This venue-specific segment of the third Two Piano performance follows Halina and her daughter Jola from their expulsion to Poland in 1938 through their War and post-War years. They settled in Newark, where Halina eventually joined the Rutgers University music faculty and Jola became an inner-city schoolteacher. Kenneth Hoffman, Jola’s eldest son, is a narrator. This event took place 81 years after thousands of Polish Jews were forcibly deported overnight to Poland from the Third Reich, an event that triggered Kristallnacht two weeks later.

Origins of Two Pianos

In 1978, while juggling full-time jobs and raising a family, Michael and Jean Levin began taping the life stories of her father (a Polish-born early petroleum entrepreneur), her mother (a Russian-born concert pianist), their friend Halina, and their other formerly Central-European friends. Jean’s parents had just arrived in Philadelphia from their first return to Leipzig, where they met, married and lived until 1936.

Forty years later, the result of Michael and Jean’s quest to organize, understand and recapture those vanished worlds—the sourcebook Papers, Please: A Twentieth Century Odyssey—is a private Website repository of annotated first-person interviews enhanced by historical-context and theme chapters, audio clips, original photos, and travel or other documents. Two Pianos was developed from parts of Papers, Please with additional material provided by Halina’s grandsons.

To honor the Settlement School’s 100th anniversary in 2018, Two Pianos closes with Sixties Plus or Minus Players (below), a video with clips from 1992 of Anna, age 84, performing with a Mozart quartet. The quartet was convened through a still-existing Settlement School chamber music program for seniors that was started in 1988 by Jean’s older sister Tania Bieler Haftel (1933-2017). The original sequence was recorded by Anna’s grand-daughter Stephanie Haftel—an example of the continuities that weave through this tale.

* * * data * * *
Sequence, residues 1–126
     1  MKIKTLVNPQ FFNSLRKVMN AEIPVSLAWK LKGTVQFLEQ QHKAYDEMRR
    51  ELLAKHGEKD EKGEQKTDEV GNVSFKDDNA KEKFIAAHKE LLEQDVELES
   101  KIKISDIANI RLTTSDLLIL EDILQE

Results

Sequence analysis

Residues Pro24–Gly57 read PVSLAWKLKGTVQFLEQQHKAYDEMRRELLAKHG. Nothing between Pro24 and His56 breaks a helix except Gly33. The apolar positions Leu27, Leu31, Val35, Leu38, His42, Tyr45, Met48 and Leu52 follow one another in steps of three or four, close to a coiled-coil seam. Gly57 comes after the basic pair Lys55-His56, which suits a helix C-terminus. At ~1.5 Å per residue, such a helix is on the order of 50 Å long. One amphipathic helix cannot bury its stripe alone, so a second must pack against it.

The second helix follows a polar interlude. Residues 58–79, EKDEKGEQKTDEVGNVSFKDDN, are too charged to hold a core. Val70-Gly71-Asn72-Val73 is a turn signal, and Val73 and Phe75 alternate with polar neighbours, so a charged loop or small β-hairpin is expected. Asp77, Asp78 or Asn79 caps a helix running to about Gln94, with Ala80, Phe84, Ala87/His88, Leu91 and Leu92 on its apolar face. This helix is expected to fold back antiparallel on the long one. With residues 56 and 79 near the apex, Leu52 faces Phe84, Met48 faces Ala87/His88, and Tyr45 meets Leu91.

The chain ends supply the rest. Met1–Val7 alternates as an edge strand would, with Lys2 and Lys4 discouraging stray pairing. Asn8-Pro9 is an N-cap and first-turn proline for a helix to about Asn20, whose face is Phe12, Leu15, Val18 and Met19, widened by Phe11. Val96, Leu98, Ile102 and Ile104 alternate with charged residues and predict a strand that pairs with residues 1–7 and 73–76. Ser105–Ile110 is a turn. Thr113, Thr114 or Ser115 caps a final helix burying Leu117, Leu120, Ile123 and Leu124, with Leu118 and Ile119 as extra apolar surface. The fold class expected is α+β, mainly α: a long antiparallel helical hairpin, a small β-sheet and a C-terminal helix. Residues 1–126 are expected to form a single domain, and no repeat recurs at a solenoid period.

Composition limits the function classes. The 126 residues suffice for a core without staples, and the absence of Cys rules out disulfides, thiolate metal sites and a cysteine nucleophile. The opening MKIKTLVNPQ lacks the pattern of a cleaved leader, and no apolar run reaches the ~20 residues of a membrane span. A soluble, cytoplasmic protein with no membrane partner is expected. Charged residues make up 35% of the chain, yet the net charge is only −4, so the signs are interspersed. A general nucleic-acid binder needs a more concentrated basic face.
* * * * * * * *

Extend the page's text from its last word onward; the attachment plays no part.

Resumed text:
An exhibit of original concert materials and other objects accompanies the program, with an exhibit catalogue envisioned for a future date.

About the Performers

Stanislava Varshavski and Diana Shapiro began playing together in 1998. They have captured top prizes at numerous competitions, including the most prestigious competition for piano duos—the Murray Dranoff International Piano Competition in Miami. A winner of Astral Artists’ 2012 National Auditions, the Varshavski-Shapiro Piano Duo also won first prizes at Italy’s XV Piano Competition “Rome 2004,” Jerusalem’s Kol HaMusica Young Artists Competition, the Israel Chamber Music Competition, the XIII Schubert Competition in the Czech Republic, and the First International Piano Duo Competition in Bialystok Poland.

Stanislava Varshavski (left) and Diana Shapiro (right), the Varshavski-Shapiro Duo. Credit: Vanessa Briceño Photography

Varshavski and Shapiro hold Bachelor and Master degrees from the Jerusalem Academy of Music and Dance, where they studied with legendary Israeli duo Alexander Tamir and Bracha Eden. They continued their education under renowned American pianist Victor Rosenbaum. In 2011 both pianists completed doctoral degrees at the University of Wisconsin-Madison. Shapiro is an Assistant Professor of Piano and Chair of the Music Department at Silver Lake College. Varshavski is Director of Education at the Holy Family Conservatory of Music. They live near Milwaukee.

The Varshavski-Shapiro Piano Duo is internationally represented by Astral Artists.

At the Two Pianos premiere,  Michael Levin performed as Hirsch Bieler-Suwalski (Anna’s husband).  Jean Levin (Anna’s daughter) and Ken Hoffman (Halina’s grandson) were the narrators.